Journey in covered wagon ends at large homestead and orchard filled with ripe apples.
Wheat that we ground in a hand-turned coffee mill was our chief source of nourishment when we six girls, our two brothers and our parents traveled by covered wagon.
A neighbor who received a Civil War pension was in the wagon train with us and he used his money to help us in all our needs. He had only one son himself. I was very fond of these neighbors and I chose to ride with them instead of with my own family.
I regretted my choice, though, when we had to ford the big Missouri River because the Civil War veteran decided that his wagon should lead the way. It was a time of turbulent streams, and my father and the neighbor talked a long time about whether it was safe to cross or not before they started.
I shall never forget that experience. I felt we never could make it. The horses often swayed downstream with the current, and several times we almost overturned. But God preserved our path to dry land.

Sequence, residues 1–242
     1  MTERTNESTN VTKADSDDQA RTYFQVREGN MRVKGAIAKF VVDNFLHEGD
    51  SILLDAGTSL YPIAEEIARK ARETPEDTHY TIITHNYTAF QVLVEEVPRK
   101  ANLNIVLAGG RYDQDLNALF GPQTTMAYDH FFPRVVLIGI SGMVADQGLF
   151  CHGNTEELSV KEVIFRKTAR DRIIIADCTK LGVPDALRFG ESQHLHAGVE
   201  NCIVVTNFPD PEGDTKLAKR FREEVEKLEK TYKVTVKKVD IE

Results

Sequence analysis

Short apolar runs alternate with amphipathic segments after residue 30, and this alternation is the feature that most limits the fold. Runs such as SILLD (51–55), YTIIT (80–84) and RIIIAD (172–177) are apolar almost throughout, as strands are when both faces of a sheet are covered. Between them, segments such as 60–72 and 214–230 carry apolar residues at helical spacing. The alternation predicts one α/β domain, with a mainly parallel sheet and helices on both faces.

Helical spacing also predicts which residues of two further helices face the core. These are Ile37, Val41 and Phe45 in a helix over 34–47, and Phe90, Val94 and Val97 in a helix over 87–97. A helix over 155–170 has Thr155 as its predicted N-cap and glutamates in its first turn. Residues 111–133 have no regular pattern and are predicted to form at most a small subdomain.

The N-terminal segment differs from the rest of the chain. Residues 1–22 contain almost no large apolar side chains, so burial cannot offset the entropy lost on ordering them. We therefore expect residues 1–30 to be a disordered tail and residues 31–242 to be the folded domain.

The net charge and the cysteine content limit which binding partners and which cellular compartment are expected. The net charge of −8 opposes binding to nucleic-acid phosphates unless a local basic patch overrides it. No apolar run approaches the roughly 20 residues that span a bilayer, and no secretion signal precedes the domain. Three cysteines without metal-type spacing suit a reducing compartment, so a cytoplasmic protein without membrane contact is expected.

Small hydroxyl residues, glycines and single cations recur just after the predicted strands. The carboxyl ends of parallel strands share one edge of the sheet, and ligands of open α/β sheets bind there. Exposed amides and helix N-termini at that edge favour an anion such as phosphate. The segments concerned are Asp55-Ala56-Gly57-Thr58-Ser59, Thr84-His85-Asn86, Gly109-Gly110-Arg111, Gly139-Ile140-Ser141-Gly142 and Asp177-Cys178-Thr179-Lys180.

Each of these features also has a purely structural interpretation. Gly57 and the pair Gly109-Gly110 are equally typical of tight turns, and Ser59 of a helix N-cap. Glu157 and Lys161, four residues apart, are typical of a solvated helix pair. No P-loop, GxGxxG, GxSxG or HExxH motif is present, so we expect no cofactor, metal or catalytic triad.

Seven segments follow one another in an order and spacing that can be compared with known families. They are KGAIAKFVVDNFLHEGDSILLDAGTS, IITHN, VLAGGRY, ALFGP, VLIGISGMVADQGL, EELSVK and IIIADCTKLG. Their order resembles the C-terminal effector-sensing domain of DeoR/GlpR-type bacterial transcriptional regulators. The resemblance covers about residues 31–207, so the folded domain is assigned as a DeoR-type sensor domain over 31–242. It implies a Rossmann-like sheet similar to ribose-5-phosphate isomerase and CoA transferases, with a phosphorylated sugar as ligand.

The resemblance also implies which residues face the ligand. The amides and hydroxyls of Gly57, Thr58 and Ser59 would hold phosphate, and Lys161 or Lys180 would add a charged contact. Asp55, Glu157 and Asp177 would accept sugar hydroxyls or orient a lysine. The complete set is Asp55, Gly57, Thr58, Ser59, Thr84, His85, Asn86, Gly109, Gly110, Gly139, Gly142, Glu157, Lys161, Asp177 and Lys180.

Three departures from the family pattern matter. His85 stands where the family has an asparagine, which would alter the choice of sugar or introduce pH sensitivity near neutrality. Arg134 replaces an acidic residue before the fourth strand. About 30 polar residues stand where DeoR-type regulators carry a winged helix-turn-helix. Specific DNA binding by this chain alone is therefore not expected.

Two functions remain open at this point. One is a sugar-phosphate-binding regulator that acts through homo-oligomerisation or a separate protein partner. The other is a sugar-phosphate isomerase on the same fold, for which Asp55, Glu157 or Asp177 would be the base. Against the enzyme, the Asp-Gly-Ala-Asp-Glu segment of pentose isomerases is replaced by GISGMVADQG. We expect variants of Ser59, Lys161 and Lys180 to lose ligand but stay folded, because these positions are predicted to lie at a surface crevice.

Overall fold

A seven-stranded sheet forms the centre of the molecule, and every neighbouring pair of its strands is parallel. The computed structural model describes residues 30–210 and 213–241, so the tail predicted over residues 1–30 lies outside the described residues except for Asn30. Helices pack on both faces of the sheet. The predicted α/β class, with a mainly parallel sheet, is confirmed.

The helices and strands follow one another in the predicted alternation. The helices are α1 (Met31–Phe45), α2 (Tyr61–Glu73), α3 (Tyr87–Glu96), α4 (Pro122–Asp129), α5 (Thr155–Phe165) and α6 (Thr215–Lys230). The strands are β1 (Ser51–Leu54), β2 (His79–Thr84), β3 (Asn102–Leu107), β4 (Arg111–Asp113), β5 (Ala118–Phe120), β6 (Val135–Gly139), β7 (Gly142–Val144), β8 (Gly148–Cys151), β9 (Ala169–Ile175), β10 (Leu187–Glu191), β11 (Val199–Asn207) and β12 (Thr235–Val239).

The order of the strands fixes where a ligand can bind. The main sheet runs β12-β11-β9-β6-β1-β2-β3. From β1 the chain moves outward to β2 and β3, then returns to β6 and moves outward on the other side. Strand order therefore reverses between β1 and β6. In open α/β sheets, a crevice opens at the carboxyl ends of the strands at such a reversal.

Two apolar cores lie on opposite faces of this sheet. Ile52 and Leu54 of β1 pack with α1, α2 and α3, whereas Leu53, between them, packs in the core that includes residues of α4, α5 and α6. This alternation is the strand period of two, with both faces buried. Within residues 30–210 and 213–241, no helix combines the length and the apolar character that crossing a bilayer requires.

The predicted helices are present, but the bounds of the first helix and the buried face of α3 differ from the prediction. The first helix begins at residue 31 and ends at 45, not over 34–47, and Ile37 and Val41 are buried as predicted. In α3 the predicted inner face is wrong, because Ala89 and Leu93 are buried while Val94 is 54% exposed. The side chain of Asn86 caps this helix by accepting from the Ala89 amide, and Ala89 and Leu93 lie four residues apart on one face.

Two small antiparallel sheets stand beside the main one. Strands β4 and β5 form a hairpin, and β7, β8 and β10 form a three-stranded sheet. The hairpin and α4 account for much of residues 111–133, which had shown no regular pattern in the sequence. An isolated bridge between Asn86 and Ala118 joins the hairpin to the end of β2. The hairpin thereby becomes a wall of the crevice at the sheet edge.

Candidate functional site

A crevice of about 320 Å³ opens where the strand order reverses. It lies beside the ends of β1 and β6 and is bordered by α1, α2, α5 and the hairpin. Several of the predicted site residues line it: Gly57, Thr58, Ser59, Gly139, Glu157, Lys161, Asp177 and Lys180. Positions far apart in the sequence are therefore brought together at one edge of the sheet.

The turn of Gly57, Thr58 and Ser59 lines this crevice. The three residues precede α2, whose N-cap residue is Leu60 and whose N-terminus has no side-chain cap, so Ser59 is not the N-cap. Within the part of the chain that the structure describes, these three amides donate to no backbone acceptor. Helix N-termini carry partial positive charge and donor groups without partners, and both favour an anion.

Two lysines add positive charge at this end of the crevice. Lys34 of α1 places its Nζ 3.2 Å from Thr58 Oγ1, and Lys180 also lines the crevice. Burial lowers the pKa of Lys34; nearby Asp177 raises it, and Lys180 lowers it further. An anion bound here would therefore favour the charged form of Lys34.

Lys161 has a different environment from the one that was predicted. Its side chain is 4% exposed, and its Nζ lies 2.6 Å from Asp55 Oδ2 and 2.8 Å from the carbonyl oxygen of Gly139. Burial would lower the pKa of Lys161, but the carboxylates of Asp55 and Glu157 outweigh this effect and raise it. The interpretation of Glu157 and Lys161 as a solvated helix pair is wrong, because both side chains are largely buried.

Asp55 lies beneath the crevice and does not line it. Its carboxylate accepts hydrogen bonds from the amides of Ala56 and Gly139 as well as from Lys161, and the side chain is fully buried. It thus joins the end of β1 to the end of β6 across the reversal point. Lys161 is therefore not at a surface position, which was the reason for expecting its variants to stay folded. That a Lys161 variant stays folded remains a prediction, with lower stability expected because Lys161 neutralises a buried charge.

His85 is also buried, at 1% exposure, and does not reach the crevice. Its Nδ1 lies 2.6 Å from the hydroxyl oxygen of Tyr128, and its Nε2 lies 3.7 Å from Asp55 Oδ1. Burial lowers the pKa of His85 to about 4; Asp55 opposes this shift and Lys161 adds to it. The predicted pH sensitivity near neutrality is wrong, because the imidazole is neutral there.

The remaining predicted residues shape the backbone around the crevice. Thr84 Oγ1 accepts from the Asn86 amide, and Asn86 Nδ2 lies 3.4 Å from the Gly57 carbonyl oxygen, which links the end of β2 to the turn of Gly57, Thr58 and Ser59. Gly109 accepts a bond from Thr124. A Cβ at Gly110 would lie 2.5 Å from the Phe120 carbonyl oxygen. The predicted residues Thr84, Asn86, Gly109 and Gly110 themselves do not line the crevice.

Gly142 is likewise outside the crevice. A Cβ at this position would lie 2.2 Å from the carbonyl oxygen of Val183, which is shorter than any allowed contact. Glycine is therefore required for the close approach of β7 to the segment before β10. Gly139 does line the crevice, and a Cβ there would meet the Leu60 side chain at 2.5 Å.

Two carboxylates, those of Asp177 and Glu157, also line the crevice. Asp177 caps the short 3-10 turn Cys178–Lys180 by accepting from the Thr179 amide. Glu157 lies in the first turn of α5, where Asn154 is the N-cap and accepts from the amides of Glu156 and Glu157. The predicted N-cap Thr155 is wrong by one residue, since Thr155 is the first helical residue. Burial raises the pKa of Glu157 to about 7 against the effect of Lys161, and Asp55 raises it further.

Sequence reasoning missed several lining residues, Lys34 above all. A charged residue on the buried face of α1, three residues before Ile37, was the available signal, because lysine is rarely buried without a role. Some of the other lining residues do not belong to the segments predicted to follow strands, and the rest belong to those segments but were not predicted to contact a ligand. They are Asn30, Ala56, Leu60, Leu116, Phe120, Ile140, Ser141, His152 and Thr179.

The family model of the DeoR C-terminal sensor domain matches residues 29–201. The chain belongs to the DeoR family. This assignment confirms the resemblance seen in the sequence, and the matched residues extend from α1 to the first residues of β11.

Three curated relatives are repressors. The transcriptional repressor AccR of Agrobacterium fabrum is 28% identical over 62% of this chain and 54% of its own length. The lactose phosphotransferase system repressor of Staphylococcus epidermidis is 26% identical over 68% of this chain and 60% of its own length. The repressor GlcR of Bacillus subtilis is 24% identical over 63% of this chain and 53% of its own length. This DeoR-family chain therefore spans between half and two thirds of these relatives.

When we got to our new home we were delighted to find a lovely orchard of big, red apples, all ready to eat, and a house large enough for all of us and with a wonderful fireplace, something none of us had seen before. Friendship and dependence on Divine Power were great assets to the early pioneers.
Mrs. Harvey J. Brown
Williamsburg, New Mexico
Back in 1955 a call went out from the editors of the then CAPPER’s WEEKLY asking for readers to send in articles on true pioneers. Hundreds of letters came pouring in from early settlers and their children, many now in their 80s and 90s, and from grandchildren of settlers, all with tales to tell. So many articles were received that a decision was made to create a book, and in 1956, the first My Folks title – My Folks Came in a Covered Wagon – hit the shelves. Nine other books have since been published in the My Folks series, all filled to the brim with true tales from CAPPER’s readers, and we are proud to make those stories available to our growing online community.
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